Much maligned and often misrepresented (even by it's staunch proponents) it is without doubt one of the most important political ideologies in human history.
First, to nail down my definition.
A liberal portion is generous, a liberal attitude is tolerant or moderate.
As a political principle liberalism has always placed personal liberty, freedom of expression and secular society highly.
If you believe in freedom of speech (no matter how offensive), the free market and freedom of (or from) religion, you are practising Liberal attitudes. (note: Liberalism as a movement or ideology does not have a monopoly on these things, but the point remains)
In the UK, Liberalism has maintained it's definition.
It is the middle ground between conservatives and socialists.
Now, in some ways this is immensely positive as all mainstream parties have adopted some measure of liberalism, as have the core political ideologies behind them.
In others it has come to reflect a lack of conviction, fence sitting indecision and conflicting policies.
Small L liberalism has won throughout the Western world, and no amount of pretending the word is a curse word will change that reality.
Sadly, American Liberalism (and the political left internationally) has been somewhat coopted by groups and individuals that are not liberal at all.
Anything that undermines individual freedom is against liberalism.
This is a hard line, but difficult to describe.
Personal liberty must have some limit, or I could just walk into your house and take your shit.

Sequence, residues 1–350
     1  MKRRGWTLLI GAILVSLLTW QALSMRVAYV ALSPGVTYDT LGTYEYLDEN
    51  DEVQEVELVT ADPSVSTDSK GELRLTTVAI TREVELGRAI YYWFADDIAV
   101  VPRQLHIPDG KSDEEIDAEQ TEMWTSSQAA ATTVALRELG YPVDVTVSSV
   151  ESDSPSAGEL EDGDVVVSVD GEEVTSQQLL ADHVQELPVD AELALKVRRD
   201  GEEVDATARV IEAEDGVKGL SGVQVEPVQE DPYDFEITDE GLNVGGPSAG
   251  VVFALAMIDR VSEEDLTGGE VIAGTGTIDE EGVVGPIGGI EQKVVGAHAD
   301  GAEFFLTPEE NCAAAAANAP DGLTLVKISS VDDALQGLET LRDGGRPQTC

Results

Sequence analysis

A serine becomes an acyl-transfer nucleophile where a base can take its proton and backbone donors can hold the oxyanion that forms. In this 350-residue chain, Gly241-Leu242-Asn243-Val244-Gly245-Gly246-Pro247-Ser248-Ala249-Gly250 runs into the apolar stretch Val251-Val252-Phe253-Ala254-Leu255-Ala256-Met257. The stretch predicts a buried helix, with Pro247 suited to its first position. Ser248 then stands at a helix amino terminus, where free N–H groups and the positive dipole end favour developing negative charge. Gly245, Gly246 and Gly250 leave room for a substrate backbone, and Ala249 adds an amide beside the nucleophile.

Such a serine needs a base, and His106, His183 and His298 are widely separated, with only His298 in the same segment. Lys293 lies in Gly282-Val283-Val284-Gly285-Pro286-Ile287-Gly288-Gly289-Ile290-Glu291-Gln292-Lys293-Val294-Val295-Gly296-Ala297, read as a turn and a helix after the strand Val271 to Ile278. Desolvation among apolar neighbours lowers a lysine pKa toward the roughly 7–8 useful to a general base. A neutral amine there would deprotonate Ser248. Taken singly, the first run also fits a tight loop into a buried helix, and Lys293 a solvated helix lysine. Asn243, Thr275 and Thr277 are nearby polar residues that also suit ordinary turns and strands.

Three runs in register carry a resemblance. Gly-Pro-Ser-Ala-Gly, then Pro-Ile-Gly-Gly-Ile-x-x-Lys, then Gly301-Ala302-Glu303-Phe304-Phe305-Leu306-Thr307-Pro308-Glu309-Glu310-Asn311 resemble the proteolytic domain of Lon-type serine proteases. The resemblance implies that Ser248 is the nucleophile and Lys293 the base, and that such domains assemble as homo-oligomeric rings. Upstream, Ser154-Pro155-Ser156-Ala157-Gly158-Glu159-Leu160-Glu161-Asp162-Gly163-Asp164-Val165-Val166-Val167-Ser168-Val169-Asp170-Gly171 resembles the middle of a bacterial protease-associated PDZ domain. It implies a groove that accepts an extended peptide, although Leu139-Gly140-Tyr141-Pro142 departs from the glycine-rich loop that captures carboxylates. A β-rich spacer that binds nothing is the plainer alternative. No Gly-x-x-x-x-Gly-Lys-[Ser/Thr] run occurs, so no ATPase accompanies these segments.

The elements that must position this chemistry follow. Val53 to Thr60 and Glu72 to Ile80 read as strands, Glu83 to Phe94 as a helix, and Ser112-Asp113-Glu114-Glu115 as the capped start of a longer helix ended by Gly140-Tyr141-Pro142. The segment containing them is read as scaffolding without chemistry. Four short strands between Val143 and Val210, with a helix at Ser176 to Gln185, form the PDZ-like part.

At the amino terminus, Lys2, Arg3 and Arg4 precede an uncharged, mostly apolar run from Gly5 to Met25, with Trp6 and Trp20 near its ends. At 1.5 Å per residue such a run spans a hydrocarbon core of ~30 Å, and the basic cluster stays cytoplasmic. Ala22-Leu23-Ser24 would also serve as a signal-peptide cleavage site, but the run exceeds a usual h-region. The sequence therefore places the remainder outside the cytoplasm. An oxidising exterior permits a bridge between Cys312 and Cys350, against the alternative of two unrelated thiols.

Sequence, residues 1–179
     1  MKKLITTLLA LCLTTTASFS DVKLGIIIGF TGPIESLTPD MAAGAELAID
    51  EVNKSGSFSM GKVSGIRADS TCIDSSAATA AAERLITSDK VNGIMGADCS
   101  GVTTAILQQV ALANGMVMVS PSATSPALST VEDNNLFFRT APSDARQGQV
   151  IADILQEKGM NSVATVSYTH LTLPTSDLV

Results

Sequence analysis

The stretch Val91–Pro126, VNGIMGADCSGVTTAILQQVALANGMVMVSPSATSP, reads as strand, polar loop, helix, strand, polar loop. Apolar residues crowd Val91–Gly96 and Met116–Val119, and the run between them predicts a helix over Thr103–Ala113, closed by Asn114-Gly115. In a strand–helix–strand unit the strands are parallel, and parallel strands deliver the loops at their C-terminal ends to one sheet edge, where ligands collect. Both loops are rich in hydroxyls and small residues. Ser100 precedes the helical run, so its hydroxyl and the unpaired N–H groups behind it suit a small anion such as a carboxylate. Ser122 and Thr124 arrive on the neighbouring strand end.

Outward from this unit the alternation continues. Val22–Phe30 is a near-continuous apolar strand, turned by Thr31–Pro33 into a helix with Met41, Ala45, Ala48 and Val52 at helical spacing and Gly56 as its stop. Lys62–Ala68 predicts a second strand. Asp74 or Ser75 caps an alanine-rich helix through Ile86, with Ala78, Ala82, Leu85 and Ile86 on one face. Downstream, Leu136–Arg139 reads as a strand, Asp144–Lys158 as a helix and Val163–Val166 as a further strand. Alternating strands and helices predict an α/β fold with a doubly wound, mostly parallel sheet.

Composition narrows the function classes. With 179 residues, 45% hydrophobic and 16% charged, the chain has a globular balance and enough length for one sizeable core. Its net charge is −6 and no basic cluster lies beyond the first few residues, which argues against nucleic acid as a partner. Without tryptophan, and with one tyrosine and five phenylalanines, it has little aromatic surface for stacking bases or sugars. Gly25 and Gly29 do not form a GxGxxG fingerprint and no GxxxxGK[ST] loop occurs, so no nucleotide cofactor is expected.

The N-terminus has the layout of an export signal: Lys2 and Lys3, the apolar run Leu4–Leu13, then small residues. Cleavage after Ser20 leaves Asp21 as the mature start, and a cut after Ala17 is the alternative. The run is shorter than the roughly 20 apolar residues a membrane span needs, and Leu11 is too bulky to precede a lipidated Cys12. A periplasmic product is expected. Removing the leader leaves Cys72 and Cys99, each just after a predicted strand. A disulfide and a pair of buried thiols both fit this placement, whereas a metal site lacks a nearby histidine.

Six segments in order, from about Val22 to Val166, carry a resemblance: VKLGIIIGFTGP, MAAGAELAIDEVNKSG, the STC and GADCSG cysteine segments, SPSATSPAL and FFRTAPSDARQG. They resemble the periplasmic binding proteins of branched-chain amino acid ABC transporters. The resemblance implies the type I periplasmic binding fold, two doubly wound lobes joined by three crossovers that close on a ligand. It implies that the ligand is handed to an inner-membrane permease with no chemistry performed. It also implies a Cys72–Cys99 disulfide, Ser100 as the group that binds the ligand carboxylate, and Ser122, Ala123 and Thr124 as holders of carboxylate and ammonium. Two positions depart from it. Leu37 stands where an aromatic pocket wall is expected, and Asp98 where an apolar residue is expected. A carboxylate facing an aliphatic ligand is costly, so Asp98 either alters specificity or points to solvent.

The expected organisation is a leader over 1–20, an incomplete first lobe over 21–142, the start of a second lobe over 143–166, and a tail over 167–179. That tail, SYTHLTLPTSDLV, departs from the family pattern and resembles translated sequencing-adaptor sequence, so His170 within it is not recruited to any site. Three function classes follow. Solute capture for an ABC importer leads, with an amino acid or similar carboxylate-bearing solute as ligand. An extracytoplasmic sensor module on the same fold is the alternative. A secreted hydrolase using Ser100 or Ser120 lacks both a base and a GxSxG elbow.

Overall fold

I think it's fairly obvious when we are limited so that others may be extended their rights, but there is plenty of ambiguity to argue over the specifics.
Anyone suggesting that individual rights are somehow subordinate to the needs of society is not a liberal.
Liberalism does not promote state capitalism or socialism.
One of the core tenets of liberalism are property rights, which are the basis of capitalist economies; flawed though I find our modern standards they're a damn sight better than history can provide. Capitalism is not perfect. Anyone saying it is needs to be taken into a padded room, but much like democracy itself; it's an horrendous way of doing things, the only virtue being that it's superior to all alternatives.
Anyone opposing capitalism (even as much as I do, which is to focus on the criticisms) is not a liberal.
Religious tolerance is the cornerstone of liberalism.
Sadly, this is often taken to ridiculous extremes lately with much "progressive" media desperate to defend intolerable religious practices and preach moral relativism.
This can only end in division and intolerance reciprocated from both sides of the divide created.
Anybody suggesting that the religious rights of one person or ideology should be afforded extra protection or reverence is not a liberal.
Now "Social Liberalism" as an ideology complicates matters, but honestly I see it as entirely unrelated to liberalism as an economic or political philosophy.
This laudable set of values grew from classical liberalism, but is such a diverse and divisive concept that it should be placed firmly in it's own category.
For one, I believe that almost the entire Western world is socially liberal.
The trouble comes when zealous ideologues use people's altruistic desires for a tolerant and inclusive culture to promote attitudes of intolerance, bigotry and blame.
This has been a growing problem amongst liberals and the political left, as "call out culture" reaches new heights, all in the name of "inclusion"
The dichotomy and hypocrisy of the practice disturbs me more because so many people refuse to condemn it.
Liberalism might have sown the seeds of social liberalism, and the ubiquity of social liberalism might have allowed the authoritarian "progressives" we should rightly and ironically label "social justice warriors" to flourish, but they are none of them synonymous.
I for one hope that Libertarians will reach a moderate consensus and appreciate just how much they share with Liberals they so often vilify.
Only by unifying reasonable people across political divides can we hope to combat the identity politics endemic on the extreme ends of all ideologies.
Iidentity politics are as inimical to liberalism as they are to libertarians.